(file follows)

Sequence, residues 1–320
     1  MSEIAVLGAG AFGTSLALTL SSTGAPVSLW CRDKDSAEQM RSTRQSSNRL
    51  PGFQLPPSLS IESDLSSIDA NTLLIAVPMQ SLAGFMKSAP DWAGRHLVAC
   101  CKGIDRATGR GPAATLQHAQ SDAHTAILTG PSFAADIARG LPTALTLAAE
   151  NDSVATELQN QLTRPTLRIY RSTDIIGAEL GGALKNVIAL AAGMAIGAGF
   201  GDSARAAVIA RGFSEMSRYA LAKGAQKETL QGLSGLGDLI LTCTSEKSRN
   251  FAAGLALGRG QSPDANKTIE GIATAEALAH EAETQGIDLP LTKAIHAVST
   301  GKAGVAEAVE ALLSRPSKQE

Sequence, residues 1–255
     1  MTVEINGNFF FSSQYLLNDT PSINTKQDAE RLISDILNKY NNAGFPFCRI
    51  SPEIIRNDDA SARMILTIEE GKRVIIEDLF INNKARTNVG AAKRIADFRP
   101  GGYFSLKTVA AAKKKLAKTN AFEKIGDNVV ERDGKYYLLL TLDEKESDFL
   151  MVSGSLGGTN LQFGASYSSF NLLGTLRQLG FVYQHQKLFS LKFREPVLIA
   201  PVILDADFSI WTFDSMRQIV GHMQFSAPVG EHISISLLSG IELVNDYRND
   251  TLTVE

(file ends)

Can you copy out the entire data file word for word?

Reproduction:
Sequence, residues 1–320
     1  MSEIAVLGAG AFGTSLALTL SSTGAPVSLW CRDKDSAEQM RSTRQSSNRL
    51  PGFQLPPSLS IESDLSSIDA NTLLIAVPMQ SLAGFMKSAP DWAGRHLVAC
   101  CKGIDRATGR GPAATLQHAQ SDAHTAILTG PSFAADIARG LPTALTLAAE
   151  NDSVATELQN QLTRPTLRIY RSTDIIGAEL GGALKNVIAL AAGMAIGAGF
   201  GDSARAAVIA RGFSEMSRYA LAKGAQKETL QGLSGLGDLI LTCTSEKSRN
   251  FAAGLALGRG QSPDANKTIE GIATAEALAH EAETQGIDLP LTKAIHAVST
   301  GKAGVAEAVE ALLSRPSKQE

Sequence, residues 1–255
     1  MTVEINGNFF FSSQYLLNDT PSINTKQDAE RLISDILNKY NNAGFPFCRI
    51  SPEIIRNDDA SARMILTIEE GKRVIIEDLF INNKARTNVG AAKRIADFRP
   101  GGYFSLKTVA AAKKKLAKTN AFEKIGDNVV ERDGKYYLLL TLDEKESDFL
   151  MVSGSLGGTN LQFGASYSSF NLLGTLRQLG FVYQHQKLFS LKFREPVLIA
   201  PVILDADFSI WTFDSMRQIV GHMQFSAPVG EHISISLLSG IELVNDYRND
   251  TLTVE